Stages of Diabetic Retinopathy in Optometry and Ophthalmology
Nonproliferative & Proliferative Retinopathy
Diabetic Retinopathy tends to appear and progress in stages beginning with Mild Nonproliferative, progressing to Moderate Nonproliferative Retinopathy, further advancing to Severe Nonproliferative Retinopathy and without proper attention developing into the most severe stage, Proliferative Retinopathy.
Mild Nonproliferative Retinopathy
Mild Nonproliferative Retinopathy is the earliest stage of Diabetic Retinopathy. It is characterized by the presence of “dot” and “blot” hemorrhages and “microaneurysms” in the Retina found during your eye examination. Microaneurysms are areas of balloon like swelling of the tiny blood vessels in the Retina caused by the weakening of their wall. Mild Nonproliferative Retinopathy can be present without any change in your vision. Mild Nonproliferative Retinopathy usually does not require treatment unless it progresses or if is accompanied by Diabetic Macular Edema. If you have Mild Nonproliferative Retinopathy, Dr. Graf will make specific recommendations about how often you will need to be reexamined and whether any additional testing might be required.
Moderate Nonproliferative Retinopathy
Moderate Nonproliferative Retinopathy is the second and slightly more severe stage of Diabetic Retinopathy. During this stage, some of the small blood vessels in the Retina may actually become blocked. The blockage of these tiny blood vessels causes a decrease in the supply of nutrients and oxygen to certain areas of the Retina.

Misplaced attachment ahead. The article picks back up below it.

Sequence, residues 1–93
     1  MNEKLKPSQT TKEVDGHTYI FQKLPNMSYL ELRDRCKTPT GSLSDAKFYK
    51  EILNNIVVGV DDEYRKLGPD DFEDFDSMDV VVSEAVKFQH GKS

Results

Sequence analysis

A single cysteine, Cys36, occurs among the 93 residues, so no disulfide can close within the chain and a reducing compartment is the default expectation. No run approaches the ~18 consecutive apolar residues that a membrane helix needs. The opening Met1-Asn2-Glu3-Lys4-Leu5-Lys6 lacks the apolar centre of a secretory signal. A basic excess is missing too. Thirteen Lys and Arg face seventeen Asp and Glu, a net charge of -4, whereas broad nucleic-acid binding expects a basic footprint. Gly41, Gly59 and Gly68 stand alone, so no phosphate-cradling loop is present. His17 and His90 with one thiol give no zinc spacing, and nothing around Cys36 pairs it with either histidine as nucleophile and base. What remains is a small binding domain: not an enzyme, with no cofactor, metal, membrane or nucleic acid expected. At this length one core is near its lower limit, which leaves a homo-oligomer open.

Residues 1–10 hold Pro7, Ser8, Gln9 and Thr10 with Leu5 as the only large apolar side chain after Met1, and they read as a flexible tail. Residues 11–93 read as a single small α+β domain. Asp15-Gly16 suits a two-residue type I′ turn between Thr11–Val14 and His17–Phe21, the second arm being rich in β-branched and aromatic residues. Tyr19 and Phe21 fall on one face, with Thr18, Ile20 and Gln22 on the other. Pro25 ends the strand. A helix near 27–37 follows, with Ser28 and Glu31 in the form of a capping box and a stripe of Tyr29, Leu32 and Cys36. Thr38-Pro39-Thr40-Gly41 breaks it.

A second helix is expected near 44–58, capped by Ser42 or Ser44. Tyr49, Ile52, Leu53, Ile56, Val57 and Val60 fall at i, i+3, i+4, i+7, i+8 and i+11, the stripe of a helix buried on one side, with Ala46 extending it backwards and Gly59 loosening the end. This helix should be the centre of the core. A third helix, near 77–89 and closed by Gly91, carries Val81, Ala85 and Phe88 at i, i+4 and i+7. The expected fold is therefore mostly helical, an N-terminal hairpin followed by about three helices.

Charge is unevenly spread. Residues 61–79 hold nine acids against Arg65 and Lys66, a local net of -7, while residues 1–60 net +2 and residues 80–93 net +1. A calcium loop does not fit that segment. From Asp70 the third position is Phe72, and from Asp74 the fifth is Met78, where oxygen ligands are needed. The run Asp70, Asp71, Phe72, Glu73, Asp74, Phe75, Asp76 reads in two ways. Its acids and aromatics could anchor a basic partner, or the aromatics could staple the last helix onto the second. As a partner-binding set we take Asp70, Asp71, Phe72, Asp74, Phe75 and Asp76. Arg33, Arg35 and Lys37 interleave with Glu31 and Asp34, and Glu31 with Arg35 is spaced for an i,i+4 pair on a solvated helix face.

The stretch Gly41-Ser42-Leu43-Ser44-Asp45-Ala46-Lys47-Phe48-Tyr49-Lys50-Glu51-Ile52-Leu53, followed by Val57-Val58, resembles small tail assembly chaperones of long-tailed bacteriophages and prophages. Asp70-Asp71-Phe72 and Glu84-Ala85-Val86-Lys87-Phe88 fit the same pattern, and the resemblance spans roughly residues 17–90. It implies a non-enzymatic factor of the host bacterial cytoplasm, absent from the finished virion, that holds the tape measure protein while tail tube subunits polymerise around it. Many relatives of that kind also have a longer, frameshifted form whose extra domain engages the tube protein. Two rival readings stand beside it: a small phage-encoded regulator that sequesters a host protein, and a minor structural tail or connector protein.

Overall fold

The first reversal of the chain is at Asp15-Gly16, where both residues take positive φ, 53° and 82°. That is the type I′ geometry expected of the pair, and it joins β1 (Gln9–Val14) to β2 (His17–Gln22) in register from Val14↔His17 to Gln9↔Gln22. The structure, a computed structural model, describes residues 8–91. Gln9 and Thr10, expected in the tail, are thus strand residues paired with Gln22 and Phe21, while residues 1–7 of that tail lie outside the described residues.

Severe Nonproliferative Retinopathy
Severe Nonproliferative Retinopathy is the next stage of Diabetic Retinopathy. Severe Nonproliferative Retinopathy is characterized by a significant number of small blood vessels in the Retina actually becoming blocked. As more blood vessels become blocked, it results in areas of the Retina being deprived of nourishment and oxygen. A lack of sufficient oxygen supply to the Retina results in a condition called “Retinal Ischemia”. To attempt to compensate for “Retinal Ischemia”, these areas of the Retina then send signals to the body to stimulate the growth of new blood vessels in order to try and reestablish the supply of oxygen.